Many older and traditional websites are full of problems which masquerade as warning signs to your website visitors and can affect your brand credibility to a huge extent. There can be more than one root cause of some of these problems, but first impressions count online just as much as they do in the real world, and if you want to make sure your website doesn’t ultimately go on to damage your brand credibility beware of these 9 fatal signs.
Under 3 seconds is best
Site speed is first on the list with even a couple of seconds of delay negatively affecting your sales conversions and customer traffic. Did you know that Google now uses site speed as one of its many ranking factors which play an important role in assessing where pages from your website should place in search?
Poor loading speed increases bounce rate (the percentage of visitors who leave without interacting with your website) however, the good news is that you can make simple adjustments to enhance it. 3 seconds is the time to aim for, in which you can grab your customer’s attention. Only 3 seconds! And according to recent surveys, 79% of online shoppers said they would not return to the site where they encountered slow site speed and 44% said they would even tell their friends of the bad experience they had.
Tools such as Pingdom and GTmetrix can be used to monitor slow websites and provide you with a list of changes to speed up performance. Pingdom will show you your best case scenario in terms of page loading speed, aim for under 3 seconds, and it also highlights which types of content are your biggest overheads. While GTmetrix goes into a little more detail and shows you your time to ‘fully loaded’ which is a worst case scenario, aim to get this under 4 seconds although the average is currently 6.7 seconds.
It’s important to remember that aiming for perfect in all of these areas is a futile exercise for most companies. Serious technical expertise needs to be possessed or paid for on an ongoing basis, so companies any smaller than enterprise level should aim for a ‘good enough’ factor. Fast enough site speed that it isn’t affecting your conversion rate, but slow enough that you haven’t had to reinvest most of your profits into reaching website speed nirvana. This is changing more recently, and even startups can have access super fast website speeds due to the introduction of a Google originated open source project called AMP – Accelerated Mobile Pages.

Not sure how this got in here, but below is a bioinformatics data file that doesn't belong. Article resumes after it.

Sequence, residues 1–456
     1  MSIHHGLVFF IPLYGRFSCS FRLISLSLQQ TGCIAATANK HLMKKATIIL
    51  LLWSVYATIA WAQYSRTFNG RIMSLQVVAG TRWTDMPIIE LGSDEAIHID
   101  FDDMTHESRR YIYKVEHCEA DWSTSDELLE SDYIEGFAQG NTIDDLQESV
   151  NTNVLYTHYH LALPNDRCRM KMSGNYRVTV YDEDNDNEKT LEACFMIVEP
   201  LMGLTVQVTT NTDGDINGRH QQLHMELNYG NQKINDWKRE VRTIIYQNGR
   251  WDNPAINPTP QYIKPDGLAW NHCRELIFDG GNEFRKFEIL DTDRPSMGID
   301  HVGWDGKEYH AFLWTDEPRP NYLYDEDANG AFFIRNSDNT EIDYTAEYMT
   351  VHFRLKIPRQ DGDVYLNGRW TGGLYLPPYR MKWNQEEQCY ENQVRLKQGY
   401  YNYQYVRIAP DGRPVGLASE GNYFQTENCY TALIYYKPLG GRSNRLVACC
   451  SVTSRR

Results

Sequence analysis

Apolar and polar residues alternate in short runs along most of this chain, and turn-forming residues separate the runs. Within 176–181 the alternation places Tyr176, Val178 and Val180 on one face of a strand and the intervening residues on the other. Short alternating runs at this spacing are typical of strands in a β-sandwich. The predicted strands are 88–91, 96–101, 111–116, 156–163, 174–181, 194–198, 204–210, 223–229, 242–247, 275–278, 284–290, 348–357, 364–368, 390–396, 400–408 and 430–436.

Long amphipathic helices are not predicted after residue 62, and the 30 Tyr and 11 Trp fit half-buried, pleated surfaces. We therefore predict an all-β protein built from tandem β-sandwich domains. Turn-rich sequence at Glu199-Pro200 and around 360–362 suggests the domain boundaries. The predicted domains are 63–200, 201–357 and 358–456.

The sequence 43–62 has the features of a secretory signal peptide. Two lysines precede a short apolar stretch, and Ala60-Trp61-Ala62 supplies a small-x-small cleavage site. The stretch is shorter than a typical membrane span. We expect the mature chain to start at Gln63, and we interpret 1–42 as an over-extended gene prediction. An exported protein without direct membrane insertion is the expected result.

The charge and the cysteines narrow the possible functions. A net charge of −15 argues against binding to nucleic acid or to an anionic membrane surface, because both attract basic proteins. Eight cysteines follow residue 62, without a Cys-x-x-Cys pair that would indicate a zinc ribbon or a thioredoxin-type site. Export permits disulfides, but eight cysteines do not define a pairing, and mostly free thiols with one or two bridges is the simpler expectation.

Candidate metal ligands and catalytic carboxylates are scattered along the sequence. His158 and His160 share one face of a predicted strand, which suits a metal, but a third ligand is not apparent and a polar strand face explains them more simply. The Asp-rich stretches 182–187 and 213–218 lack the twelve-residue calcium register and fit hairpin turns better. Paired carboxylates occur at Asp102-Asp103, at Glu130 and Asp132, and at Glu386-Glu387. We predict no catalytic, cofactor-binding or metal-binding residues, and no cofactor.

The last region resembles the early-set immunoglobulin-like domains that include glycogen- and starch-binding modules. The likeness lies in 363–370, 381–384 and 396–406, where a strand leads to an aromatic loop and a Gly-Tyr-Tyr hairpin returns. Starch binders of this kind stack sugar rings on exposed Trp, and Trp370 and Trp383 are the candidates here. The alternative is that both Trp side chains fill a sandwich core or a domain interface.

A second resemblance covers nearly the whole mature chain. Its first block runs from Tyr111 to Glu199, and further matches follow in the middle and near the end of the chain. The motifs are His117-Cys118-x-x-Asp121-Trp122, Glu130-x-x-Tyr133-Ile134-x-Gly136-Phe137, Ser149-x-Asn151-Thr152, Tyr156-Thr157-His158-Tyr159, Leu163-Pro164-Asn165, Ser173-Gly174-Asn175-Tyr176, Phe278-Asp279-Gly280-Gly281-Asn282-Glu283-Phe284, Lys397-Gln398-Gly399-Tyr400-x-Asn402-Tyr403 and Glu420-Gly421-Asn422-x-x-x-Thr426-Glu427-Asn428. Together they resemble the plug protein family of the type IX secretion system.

Lastly, the biggest cause of slow websites is by far the images and scripts. Images are discussed further down this article however scripts are normally from the flashier elements of a website, think social media feeds, autoplay video and complex widgets which include popular price calculators.
The take home message? Even if your site has the perfect look, flashy gizmos and great brand alignment, bad site speed will take your business down. Small to medium business aim for ‘good enough’, while enterprise should aim for perfect.
Avoid this message at all costs: Your connection to this site is not secure
The next big problem is website security. For beginners, not having an SSL Certificate is like leaving your website wide open for hackers to intercept communications to and from the website. This means that visitors who head to your website and enter any of their confidential and sensitive details (think filling out forms and making purchases) will be warned that this information is not secured on transit. Now, let me quickly address one response we’ve heard a lot in the past. “We don’t take any money on our website, we’re not eCommerce, it doesn’t matter”.
Ask yourself, do you like email spam? Want more of it? If the answer is yes, head over to a website which isn’t secure and fill out their lead form.
Now, as mentioned an SSL Certificate is needed to help in the encryption between a web host and a web server. This will prevent third parties from eavesdropping and interfering in your business. The web browser community asked for a universal encryption. It began in January of 2017 when sites with uncertain password fields were named and shamed as “Not Secure.”
Any website without an SSL is not only termed as “Not Secure” but whats worse is today’s most popular web browsers actually suggest that people don’t visit them. Don’t let Google Chrome, Mozilla Firefox & Apple Safari term your web property as unsafe digital real estate or you’ll miss all the action, visitors will flock to your competition and your digital ROI will suffer.
Let’s build a safer internet together, SSL has now become mandatory and is not a choice anymore. At the risk of overdoing the metaphors, not having an SSL certificate is like committing website traffic Harakiri.
Poor Quality or Oversized Images
Another sign which will damage your precious brand credibility are poor images. Often coming in two flavours,
- Pictures taken from any mobile camera which haven’t been optimised
- Stock images which have poor relevance to the topic being discussed